Donor countries should not feel pressured to donate or make demands on Lebanon. If we are asking them for favors, they have the right to ask something in return.

No doubt, the US will say something about Hezbollah. How comfortable would Americans be saying this? While Condi Rice is supposed to be negotiating money transfers, Hezbollah will try and make itself the issue. They would probably try to hold a protest with a few hundred thousand people that would garner most of the attention.
A counter protest by Aoun would probably also occur with Mustaqbal tacitly endorsing it.

That's a great way to ruin a conference.

Also, most aid is coordinated out of Washington - where the World Bank and IMF are headquartered. The US gives the smallest portion of its GDP to foreign aid of all OECD countries, but it gives the largest sum of actual dollars, once again meaning that most money emanates from Washington.

I also believe that the US is one of the largest donors to Lebanon. At least $90 million a year is given to Lebanon. That number, I believe, has gone up, and I don't know if that includes military aid.

Hassan said...

I really condemn the rhetoric of the "Friends of Shartouni" group, but one could argue that amnesty for Shartouni and Alam may prove to be a positive step in the national reconciliation process.

This is an opinion I formed after the release of Geagea. Keep in mind that the opinion of the family of Rachid Karami was inconsequential in the Geagea affair, as was the opinion of many people who paraded against it. There was a huge public demand for it and a parliamentary vote that made it a reality.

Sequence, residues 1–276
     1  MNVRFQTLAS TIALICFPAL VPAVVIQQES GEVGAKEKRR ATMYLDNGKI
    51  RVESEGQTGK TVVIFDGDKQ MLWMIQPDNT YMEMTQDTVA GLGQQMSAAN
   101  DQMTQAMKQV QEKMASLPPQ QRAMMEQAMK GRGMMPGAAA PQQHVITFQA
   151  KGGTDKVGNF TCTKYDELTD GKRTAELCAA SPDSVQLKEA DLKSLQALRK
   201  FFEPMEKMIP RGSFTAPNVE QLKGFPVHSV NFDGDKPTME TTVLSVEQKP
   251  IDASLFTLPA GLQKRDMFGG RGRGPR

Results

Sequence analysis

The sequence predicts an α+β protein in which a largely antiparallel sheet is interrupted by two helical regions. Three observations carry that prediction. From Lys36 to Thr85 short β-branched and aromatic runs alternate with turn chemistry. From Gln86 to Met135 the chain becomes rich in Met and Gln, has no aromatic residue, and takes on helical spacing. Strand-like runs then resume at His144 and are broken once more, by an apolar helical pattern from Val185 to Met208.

What I am sure of is that both Shartouni and Alam have been, more or less like Aoun, in “exile” for a long time. They couldn’t abuse the Syrian influence to stay in Lebanon and have an amnesty for their doing like the war criminals.

In essence, and supposing that Shartouni’s doings were as grave, the only factor distinguishing Shartouni from someone like Jumblatt is that the latter had enough power to have his name officially cleared at the end of the war. Shartouni had nothing.

Lazarus said...

Hassan, how many people do you want to give amnesty to with the goal of national reconciliation?

We have already gone through two main rounds of amnesty - true, justice would only be served if either all parties are acquitted, or all imprisonned. But how many more should we go through? Shouldn't there be another way to achieve this form of forgiveness? Put in another way, how far back are we willing to forigive? 1990? 1982? What's next?

Hassan said...


I think an amnesty for those two guys is less insulting to our intelligence than the amnesty for Dinniyeh guys. At least this is related to the war, which we still need closure from. However, this is not a good reason in itself. I think the major thing here is that the practices of the ruling class are reminiscent of those practiced by Syria’s group in the early 1990’s. This way of vendettas, discrimination, and selective amnesty is not the right way for unity. It has too many double standards.

I think a person should adopt a consistent mindset when dealing with these issues. I don’t believe in double logic. We cannot condemn the uneven practices of the last fifteen years then endorse their repetition.

Anonymous said...

Hariri's friend Salim Dyab sounds like a real racist asshole

I think the double standards directed at Christians only are a move in the wrong direction

Maroun Kh.

Lazarus said...



khaled said...

Stop spreading rumos, if you have any proof please produce it.

For your info, Salim Diab waws NOT responsible for North elections, he was only responsible for Beirut ones.